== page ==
It´s always turtle season

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Lora turtle digging a nest to lay her eggs on the beach where she was born.

Lora turtle digging a nest to lay her eggs on the beach where she was born.

By Ursula Kiener Ford

Turtles do not, as we asked on Page 1, lay golden eggs. But for the tourism industry, they are a year-round nestegg for a tour opportunity. If one knows where to go, that is.

Tortuguias is a non-profit foundation that works to create awareness and educate about the importance of preserving the sea turtles. The foundation has conservation programs nationwide to repopulate the different species, as well as beach clean-up projects. In workshops they work with local communities and schools in an effort to promote a responsible use of coastal marine ecosystems and resources.

Sustainable tourism is a way to get these communities to obtain income without affecting the turtles. Tortutrips are tours to beaches for the visitor to see the process of turtle hatching and nesting in their natural environment. Visitors participate in a night watch of the beach to see the nesting of sea turtles, as well as relocating turtle nests to the nurseries. Learn about sea turtles: biology, life cycle, importance in the ecosystem, threats they face and conservation initiatives. The group will do a beach clean up and will visit tourist spots in the area.

From September to December Tortuguias will be doing a monthly trip the last weekend of each month.

Baby turtles on route to the Pacific Ocean.

Baby turtles on route to the Pacific Ocean.

Cost: is $100 per person (includes transportation, lodging, 3 meals a day and a specialized guide in sea turtles)

Dates: 27-29 of September, 26-27 of October, 23-24 November, 28-29 December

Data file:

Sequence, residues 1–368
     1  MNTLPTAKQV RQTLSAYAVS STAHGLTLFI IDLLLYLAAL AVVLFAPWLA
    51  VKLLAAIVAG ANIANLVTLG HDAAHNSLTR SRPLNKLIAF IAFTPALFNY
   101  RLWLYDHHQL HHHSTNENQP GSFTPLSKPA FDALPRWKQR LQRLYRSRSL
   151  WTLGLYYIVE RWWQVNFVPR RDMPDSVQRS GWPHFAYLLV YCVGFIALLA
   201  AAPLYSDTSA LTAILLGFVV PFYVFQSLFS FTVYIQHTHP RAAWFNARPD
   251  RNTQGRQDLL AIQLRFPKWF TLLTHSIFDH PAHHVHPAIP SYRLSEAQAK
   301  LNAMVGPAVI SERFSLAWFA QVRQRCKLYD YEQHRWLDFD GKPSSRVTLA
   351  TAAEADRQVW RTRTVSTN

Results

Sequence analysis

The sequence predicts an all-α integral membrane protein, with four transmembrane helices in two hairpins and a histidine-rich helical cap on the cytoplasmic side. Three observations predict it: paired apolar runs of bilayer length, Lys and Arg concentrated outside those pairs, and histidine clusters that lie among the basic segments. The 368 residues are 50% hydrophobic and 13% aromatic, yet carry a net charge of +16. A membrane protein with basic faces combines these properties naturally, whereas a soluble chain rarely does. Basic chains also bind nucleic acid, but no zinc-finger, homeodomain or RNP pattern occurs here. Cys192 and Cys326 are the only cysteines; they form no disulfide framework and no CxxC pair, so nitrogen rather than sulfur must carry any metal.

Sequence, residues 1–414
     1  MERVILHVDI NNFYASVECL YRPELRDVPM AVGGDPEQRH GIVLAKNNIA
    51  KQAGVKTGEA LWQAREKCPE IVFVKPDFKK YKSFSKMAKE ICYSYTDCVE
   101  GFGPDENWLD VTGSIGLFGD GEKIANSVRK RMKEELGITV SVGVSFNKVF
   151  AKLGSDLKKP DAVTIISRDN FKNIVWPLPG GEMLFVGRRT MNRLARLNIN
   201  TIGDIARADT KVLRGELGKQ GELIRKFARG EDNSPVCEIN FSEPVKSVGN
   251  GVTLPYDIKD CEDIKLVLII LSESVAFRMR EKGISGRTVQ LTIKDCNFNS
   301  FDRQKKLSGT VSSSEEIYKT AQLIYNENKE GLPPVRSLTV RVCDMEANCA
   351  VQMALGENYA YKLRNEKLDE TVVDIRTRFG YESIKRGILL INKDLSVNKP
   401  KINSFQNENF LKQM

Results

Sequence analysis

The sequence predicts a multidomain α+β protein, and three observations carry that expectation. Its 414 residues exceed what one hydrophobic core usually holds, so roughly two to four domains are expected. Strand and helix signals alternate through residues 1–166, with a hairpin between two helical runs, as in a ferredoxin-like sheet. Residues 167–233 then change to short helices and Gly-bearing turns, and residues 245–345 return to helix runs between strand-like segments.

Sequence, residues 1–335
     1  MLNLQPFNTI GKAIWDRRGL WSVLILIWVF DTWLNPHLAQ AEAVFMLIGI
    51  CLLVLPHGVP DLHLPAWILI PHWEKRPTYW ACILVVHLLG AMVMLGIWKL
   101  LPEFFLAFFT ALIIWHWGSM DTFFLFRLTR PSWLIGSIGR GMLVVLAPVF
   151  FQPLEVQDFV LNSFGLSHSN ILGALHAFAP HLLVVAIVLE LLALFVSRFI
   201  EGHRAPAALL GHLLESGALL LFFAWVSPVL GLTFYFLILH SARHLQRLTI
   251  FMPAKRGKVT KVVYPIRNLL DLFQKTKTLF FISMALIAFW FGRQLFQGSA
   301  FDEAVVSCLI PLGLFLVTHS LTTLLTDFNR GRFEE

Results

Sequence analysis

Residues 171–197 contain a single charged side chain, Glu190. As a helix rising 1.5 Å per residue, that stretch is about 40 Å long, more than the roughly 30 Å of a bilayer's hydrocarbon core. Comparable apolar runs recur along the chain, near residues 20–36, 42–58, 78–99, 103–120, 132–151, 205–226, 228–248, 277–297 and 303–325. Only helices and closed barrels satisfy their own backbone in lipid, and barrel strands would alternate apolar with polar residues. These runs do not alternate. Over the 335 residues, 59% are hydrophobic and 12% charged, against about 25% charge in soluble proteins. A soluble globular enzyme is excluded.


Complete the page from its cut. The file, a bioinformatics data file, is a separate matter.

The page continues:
Location: Cambutal, province of Los Santos

Contact info: Gerardo Alvarez, cel: 6386-3735,

Facts about turtles:

  • If you know where to go it is possible to see turtles hatching all year in Panama
  • Peak season for the Caribbean: turtle nesting from April to July, turtle hatching from May to August-September
  • Peak season for the Pacific: turtle nesting from July to November, turtle hatching from August to December
  • It takes anywhere from 45 days- 2 months for sea turtle eggs to hatch, and most hatchings take place at night. If eggs hatch in the wild during the day, there is very small chance of the turtles making it to the ocean because of predators that populate the shores.
  • There are seven sea turtle species worldwide, and five of them lay their eggs in Panama. These species include: green, leatherback, loggerhead, olive ridley and hawksbill. All of them are endangered species.
  • Sea turtles have been on earth for nearly 100 million years, truly modern dinosaurs.
  • The temperature of the eggs in a nest will determine the gender of the baby turtles.  Higher temperatures lead to a shorter incubation time, and mainly female offspring.
  • Humans are the greatest threat to sea turtles.  Every year turtles are caught in fishing nets, their eggs are poached for food, and lights on our coasts disorient and confuse turtles looking to lay their eggs.  Also, human trash on the beaches attracts non-natural predators of the baby turtles such as feral dogs and cats.

September is the month of the oceans in Panama

.Group participating in a Tortutrip at the conservation station La Marinera in Tonosí, Province of Los Santos.

.Group participating in a Tortutrip at the conservation station La Marinera in Tonosí, Province of Los Santos.

Healthy Oceans for Humanity” is the slogan of this year’s campaign to create consciousness about the importance of preserving our oceans. Each September Panama celebrates the Month of the Ocean uniting over 30 environmental, scientific, government, education and private organizations and institutions.

Human beings depend on the oceans to provide us with natural resources and services. Oceans cover almost three parts of the earth’s surface, contain nine out ten parts of our aquatic resources and over 97% of the living creatures of the planet. Oceans are the earth’s lungs absorbing approximately 25% of all the CO2 released by human activities.

The month-long campaign will organize activities during September which will involve the population. Organized activities include distribution of garbage bins at beaches nationwide, painting contest for children, poet encounters, a Fair of Science of the Sea, a competition for social communicators, conferences, contest of sand figures in Veracruz beach, underwater cleaning in Portobelo, triathlon in Coronado, the IX Forum “Healthy Oceans for humanity” and to conclude, the XXII nationwide cleaning of beaches, coasts and rivers.

For more information contact:


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